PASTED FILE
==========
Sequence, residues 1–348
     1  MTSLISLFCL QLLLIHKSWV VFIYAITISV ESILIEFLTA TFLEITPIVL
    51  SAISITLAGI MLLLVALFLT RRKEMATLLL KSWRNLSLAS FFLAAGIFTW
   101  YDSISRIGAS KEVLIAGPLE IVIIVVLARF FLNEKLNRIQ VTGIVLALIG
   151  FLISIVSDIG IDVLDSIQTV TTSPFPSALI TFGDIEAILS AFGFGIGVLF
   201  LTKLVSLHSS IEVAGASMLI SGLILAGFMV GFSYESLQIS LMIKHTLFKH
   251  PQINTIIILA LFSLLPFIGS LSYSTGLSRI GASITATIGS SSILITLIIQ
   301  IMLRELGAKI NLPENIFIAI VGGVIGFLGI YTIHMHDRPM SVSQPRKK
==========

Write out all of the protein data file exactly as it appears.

Sequence, residues 1–348
     1  MTSLISLFCL QLLLIHKSWV VFIYAITISV ESILIEFLTA TFLEITPIVL
    51  SAISITLAGI MLLLVALFLT RRKEMATLLL KSWRNLSLAS FFLAAGIFTW
   101  YDSISRIGAS KEVLIAGPLE IVIIVVLARF FLNEKLNRIQ VTGIVLALIG
   151  FLISIVSDIG IDVLDSIQTV TTSPFPSALI TFGDIEAILS AFGFGIGVLF
   201  LTKLVSLHSS IEVAGASMLI SGLILAGFMV GFSYESLQIS LMIKHTLFKH
   251  PQINTIIILA LFSLLPFIGS LSYSTGLSRI GASITATIGS SSILITLIIQ
   301  IMLRELGAKI NLPENIFIAI VGGVIGFLGI YTIHMHDRPM SVSQPRKK